Installment 1 of 3 - InternetRight now, our family is grappling with the questions and logistics of going all Internet. That is, what if we got rid of phone and replaced it with Internet? (That one's pretty easy because we already have digital phone service, but has nuances as you'll see.) What if we got rid of our Cable TV service, can we watch our shows solely on the Internet?
We are looking to reduce our bills. We are sick of the game where you pay $140 a month for all 3, and after a year it jumps up to $210 - unless you call and threaten to disconnect, in which case they are authorized to offer you this deal to keep you - for another year. Here's what we have found, and I think you'll agree there are some eye-openers. My mother once (yeah, once!) said, "If it sounds too good to be true, it is."
InternetFirst of all, we are considering putting a lot more data through the Internet. However, I have a sneaking suspicion (U-Verse) Cable TV services use the same wire, and thus have bandwidth restrictions anyhow. The best Internet service available in our area is 18 Mbps for $62/month (all taxes and fees, unbundled, from AT&T), or comparable from Xfinity, etc. Our experience the past year with streaming video shows us we should be fine doing all our stuff this way.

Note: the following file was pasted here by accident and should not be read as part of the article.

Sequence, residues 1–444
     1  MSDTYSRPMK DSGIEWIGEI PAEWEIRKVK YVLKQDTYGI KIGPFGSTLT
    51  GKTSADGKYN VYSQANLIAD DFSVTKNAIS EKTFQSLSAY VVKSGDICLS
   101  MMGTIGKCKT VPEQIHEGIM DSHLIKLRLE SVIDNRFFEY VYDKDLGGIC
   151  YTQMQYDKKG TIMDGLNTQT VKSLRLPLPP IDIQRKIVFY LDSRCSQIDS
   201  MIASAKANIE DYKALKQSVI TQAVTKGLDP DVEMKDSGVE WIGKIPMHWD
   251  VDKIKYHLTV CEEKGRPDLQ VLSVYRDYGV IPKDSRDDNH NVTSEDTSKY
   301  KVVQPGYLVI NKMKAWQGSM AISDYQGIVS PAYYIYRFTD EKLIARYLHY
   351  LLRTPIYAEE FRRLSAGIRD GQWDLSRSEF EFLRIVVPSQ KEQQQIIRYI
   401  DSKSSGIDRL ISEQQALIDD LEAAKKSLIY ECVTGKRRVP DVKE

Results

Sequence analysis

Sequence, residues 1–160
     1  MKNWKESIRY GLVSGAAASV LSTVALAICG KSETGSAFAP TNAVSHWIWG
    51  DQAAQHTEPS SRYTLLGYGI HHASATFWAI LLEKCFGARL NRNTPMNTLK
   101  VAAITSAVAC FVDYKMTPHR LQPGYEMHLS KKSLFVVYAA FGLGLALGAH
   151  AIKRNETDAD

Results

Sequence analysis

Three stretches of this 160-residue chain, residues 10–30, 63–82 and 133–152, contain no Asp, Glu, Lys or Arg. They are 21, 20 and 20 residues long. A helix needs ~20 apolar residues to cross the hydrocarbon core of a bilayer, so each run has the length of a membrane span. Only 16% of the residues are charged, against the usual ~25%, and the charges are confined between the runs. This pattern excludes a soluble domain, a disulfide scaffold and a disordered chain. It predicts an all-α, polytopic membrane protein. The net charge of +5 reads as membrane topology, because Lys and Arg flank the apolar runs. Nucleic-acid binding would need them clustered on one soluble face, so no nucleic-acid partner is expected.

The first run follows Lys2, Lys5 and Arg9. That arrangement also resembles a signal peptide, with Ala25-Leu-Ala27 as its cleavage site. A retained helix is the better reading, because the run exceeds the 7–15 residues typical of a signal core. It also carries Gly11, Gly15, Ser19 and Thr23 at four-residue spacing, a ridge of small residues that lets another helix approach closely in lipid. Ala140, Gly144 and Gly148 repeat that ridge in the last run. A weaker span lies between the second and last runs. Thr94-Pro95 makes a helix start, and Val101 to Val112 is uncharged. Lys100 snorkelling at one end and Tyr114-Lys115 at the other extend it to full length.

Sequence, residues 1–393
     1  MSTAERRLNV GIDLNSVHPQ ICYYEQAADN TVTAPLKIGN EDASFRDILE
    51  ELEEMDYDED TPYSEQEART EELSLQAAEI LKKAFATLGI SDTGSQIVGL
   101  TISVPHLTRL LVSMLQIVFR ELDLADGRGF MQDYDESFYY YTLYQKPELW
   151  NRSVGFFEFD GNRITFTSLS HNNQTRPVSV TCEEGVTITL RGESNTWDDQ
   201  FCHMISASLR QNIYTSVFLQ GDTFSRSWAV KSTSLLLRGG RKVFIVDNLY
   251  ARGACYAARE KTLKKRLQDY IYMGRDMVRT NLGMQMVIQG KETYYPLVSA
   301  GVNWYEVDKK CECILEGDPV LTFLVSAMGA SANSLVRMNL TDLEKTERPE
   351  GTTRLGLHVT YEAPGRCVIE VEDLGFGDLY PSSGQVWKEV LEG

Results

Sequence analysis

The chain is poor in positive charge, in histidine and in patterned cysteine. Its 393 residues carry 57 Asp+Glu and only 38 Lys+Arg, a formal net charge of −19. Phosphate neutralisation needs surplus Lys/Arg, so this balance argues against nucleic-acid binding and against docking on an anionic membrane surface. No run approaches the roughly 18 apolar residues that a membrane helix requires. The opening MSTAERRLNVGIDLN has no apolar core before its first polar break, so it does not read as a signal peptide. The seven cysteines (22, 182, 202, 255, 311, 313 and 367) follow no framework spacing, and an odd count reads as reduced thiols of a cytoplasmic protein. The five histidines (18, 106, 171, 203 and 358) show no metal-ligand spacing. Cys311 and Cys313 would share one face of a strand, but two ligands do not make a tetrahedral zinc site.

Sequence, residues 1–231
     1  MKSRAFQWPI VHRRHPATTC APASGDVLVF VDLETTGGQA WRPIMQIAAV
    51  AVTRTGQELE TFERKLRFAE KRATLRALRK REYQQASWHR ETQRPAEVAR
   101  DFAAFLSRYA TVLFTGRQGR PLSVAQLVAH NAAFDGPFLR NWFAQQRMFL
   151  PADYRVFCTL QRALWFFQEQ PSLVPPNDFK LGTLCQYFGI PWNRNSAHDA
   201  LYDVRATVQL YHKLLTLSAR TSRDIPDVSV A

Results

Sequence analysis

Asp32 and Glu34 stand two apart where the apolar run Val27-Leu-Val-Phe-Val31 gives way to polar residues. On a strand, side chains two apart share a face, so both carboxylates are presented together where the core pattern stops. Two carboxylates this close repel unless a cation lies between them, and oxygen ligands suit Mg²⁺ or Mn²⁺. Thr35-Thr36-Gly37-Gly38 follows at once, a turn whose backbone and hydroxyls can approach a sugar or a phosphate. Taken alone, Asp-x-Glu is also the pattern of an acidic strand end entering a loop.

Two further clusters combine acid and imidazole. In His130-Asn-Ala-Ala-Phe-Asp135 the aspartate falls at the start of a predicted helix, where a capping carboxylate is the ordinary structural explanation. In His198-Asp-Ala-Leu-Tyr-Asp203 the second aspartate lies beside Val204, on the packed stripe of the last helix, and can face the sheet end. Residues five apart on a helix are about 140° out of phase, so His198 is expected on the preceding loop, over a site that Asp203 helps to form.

U-Verse gives us a nice, dedicated line to our house. Comcast Xfinity was fast when we had it, but we had frequent outages, lots of service tech reliability problems, and the line is shared with the block, so if neighbors were using it heavily, our service degraded.
This is very important when looking at doing all things online. Also, you have to look at download speeds vs. upload speeds. Primarily you are interested in download speeds - although I do send a lot of files for work, so upload is also important to me.
Your Own NetworkDon't forget, an important piece of the pie for how fast is your connection, is the equipment you rent, buy or own in your home. I had an old Linksys wireless router that only did 802.11g, which is around 10Mbps. This was replaced with a D-Link dual-band (that's important) 802.11n router, that does somewhere around 250Mbps - as you can see, a lot faster. But be careful! The network port on the router is Gigabit (1000Mbps). The cheaper WiFi routers may have 100Mbps Ethernet ports. All WiFi routers must plug into a wire at some point, so you don't want that to be a bottleneck.
Now I have switches on my network, and the U-Verse WiFi router that is the gateway to the Internet. But I wanted to control my own network with better levels of control, plus N speeds, and dual-band. The dual-band means it broadcasts on 2 frequencies: 2.4 GHz and 5 GHz, so it actually has 2 wireless networks - plus optional Guest network. I can put some devices on one, and some on the other, and thus segregate the WiFi traffic. I put the Set Top Boxes (see the next installment of this article) on the 5 GHz, and mobile devices on the 2.4 GHz. Some of this was hardware limitations, as the iPhones don't communicate WiFi on 5 GHz (probably to save power).
All of my computers are on Gigabit - the older ones I had to buy cards ($5-$10 each) to do this, but all the newer ones and the Intel Macs came with Gigabit network adapters. Gigabit switches with 8 ports, around $25-$30. D-Link WiFi router, around $90. Not expensive at all to get Gigabit network with fast WiFi.